MC: In that way, what’s most important to me is actually putting you into the game with my photographs. I am not a photojournalist and the images I create are far from ideal for newspapers and sports magazines. If you look at my photos you’ll notice that there’s a very tight crop. I want you there. I want you to feel what the player is feeling. I want you to have a sense of what the game is like. It doesn’t matter to me that you can’t tell that Adolfito or Facundo is putting in the winning goal at some important tournament. To me it’s not about relaying information, but rather conveying emotion.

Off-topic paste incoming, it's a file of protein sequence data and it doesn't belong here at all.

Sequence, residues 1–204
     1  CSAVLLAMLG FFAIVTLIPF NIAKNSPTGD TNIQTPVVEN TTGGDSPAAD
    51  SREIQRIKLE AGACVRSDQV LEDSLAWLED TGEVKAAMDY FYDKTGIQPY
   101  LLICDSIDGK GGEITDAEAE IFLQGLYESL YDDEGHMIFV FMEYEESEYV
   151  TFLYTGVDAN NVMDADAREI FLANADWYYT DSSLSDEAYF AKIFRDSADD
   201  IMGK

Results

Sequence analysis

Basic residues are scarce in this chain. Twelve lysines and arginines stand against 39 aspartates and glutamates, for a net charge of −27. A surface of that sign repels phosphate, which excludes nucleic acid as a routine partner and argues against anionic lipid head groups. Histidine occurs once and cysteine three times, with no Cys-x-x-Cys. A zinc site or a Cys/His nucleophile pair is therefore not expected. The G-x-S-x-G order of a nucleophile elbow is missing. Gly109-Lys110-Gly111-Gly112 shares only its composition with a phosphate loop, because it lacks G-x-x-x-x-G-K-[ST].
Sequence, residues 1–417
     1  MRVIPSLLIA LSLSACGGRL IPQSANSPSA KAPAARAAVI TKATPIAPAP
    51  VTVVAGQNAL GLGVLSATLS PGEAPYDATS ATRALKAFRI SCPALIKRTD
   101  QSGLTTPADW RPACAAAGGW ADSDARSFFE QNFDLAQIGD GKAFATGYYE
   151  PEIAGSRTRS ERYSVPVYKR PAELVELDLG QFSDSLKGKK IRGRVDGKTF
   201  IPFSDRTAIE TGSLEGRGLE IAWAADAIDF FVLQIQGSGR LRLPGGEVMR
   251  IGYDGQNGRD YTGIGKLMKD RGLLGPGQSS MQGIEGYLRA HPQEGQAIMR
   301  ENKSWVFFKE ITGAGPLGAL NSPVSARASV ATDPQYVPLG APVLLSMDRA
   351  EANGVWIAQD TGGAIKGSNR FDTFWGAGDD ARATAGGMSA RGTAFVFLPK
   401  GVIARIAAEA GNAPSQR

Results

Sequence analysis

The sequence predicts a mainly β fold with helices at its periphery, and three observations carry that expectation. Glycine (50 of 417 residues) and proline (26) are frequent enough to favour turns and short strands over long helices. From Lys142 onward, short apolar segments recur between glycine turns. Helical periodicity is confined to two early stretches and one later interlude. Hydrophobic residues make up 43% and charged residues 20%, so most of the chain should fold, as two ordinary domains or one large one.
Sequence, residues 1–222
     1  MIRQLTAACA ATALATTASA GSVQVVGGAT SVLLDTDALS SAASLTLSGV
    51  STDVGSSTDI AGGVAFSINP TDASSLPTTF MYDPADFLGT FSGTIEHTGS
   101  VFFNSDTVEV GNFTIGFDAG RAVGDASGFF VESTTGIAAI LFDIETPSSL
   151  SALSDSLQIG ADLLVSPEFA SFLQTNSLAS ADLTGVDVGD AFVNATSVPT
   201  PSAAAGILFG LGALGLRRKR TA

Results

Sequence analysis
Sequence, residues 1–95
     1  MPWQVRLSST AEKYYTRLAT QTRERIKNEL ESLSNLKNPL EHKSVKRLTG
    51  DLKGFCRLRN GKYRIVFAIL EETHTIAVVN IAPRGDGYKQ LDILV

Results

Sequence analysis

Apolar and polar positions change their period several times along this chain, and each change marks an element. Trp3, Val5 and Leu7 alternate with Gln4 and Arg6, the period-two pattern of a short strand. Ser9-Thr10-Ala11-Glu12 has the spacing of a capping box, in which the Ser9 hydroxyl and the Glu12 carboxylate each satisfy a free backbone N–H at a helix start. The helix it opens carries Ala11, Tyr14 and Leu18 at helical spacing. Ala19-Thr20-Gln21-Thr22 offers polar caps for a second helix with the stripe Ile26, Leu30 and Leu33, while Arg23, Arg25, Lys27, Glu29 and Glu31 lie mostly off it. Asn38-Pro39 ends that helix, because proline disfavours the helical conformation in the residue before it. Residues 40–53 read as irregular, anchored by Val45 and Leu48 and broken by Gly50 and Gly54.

Sidelines: If you could follow one polo player around the world, who would it be and what would you hope to capture through your lens?
MC: This is rather easy to answer. I think the most interesting players are those who have enormous raw talent but have yet to master it completely—those who are on the threshold of greatness. Right now I think Nico Pieres is very interesting to watch and so is Hilario Ulloa. In one moment they will do the most amazing things but seconds later make foolish mistakes. Inconsistency is interesting. Recklessness is interesting. Growth is interesting. I think that the process of potential being realized would make for an extremely interesting project.